A failure of the 12-member supercommittee to reach an agreement by Nov. 23 would trigger an automatic $1.2 trillion in across-the-board spending cuts starting in 2013, evenly divided between defense and non-defense spending.
To the average American, the $1.2 trillion in cuts would have little or no impact but would be the equivalent of $60 billion a year in reductions over 10 years.
“It is a fraction of a fraction,” Norquist says of total government spending. “Now, are there more elegant ways to cut spending then simply across the board? Absolutely, but I’d rather cut spending $1.2 trillion across the board than not cut it at all. I’d certainly rather do that than raise taxes.”
Although some Republicans have made overtures to suggest that they would be willing to extend an olive branch to Democrats in the form of targeting certain tax breaks for millionaires and considering new net tax revenues, Norquist fully expects Republicans to keep their no-tax pledge.
“These are public promises not private promises,” Norquist insists. “I think it would be difficult to imagine a Republican House of Representatives voting to enact a tax, not just voting for a tax increase. Every dollar of tax increase would be enacted in order to avoid reducing spending so you would have to actively say, ‘let me undermine the effort to reduce spending’ in order to increase taxes. I don’t know how many votes there are for that.”
Republicans have been “showing a little ankle on taxes in order to get radical tax reform,” Norquist says, but such overtures have been soundly rejected by Democrats, who want to raise takes by $1 trillion, increase spending, and count the expected savings from pulling U.S. troops out of Iraq in their total.
“Now present plans by the government are not to occupy Iraq for the next decade so that’s hardly a real reduction in spending,” Norquist says. “Since the Democrats’ position is so radically out of line with anything that Republicans could support, I don’t think we’re going to have an agreement.”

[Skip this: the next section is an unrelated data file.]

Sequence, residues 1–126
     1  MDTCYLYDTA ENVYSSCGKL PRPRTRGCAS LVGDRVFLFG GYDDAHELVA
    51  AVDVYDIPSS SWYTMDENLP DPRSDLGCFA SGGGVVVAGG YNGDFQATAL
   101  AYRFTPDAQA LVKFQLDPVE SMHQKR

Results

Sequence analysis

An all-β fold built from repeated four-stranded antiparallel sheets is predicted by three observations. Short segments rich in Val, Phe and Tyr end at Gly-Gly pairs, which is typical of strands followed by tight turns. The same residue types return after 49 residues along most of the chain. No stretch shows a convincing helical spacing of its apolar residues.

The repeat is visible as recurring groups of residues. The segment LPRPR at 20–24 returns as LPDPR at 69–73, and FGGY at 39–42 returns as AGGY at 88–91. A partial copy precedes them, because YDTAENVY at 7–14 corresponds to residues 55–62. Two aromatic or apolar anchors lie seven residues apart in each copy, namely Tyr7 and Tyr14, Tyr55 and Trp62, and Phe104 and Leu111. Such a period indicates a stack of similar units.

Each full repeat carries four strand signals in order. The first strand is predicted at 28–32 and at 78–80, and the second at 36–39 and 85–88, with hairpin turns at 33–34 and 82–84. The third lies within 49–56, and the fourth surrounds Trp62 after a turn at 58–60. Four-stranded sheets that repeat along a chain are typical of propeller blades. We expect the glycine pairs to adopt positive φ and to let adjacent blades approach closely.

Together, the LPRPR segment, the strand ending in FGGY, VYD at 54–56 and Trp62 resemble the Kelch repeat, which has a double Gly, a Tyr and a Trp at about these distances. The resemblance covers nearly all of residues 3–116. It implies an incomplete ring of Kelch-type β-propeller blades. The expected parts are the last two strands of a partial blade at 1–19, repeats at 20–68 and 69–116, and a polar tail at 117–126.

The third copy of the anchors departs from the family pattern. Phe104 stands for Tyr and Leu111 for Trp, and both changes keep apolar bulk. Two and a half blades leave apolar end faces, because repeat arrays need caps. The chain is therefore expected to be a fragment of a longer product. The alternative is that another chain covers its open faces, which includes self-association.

Norquist also says that he would not support any deal to make the Bush-era tax cuts permanent if it provides a net increase in taxes.
While some Republicans may have seemed “unreasonably open” to a tax increase, Norquist says Republicans ultimately must know that their Democratic colleagues are not truly open to reaching consensus within the supercommittee.
“I find it a little hard to get in my heart mad at the Republicans for showing a little ankle when they know that this is a Kabuki operation because the Democrats plan to run out of the room screaming that they were mistreated,” he says. “You could make them tea and they’d run out of the room saying that you were beating them to death.”
Norquist also broke ranks with Oklahoma Republican Sen. Tom Coburn on the issue of a possible new form of alternative minimum tax for taxpayers earning more than $1 million per year.
“Coburn’s plan is one for dramatic tax increases indefinitely into the future even though he would tell you, ‘I’m just going to kill this fly with the dynamite. It won’t affect anybody else in the building.’”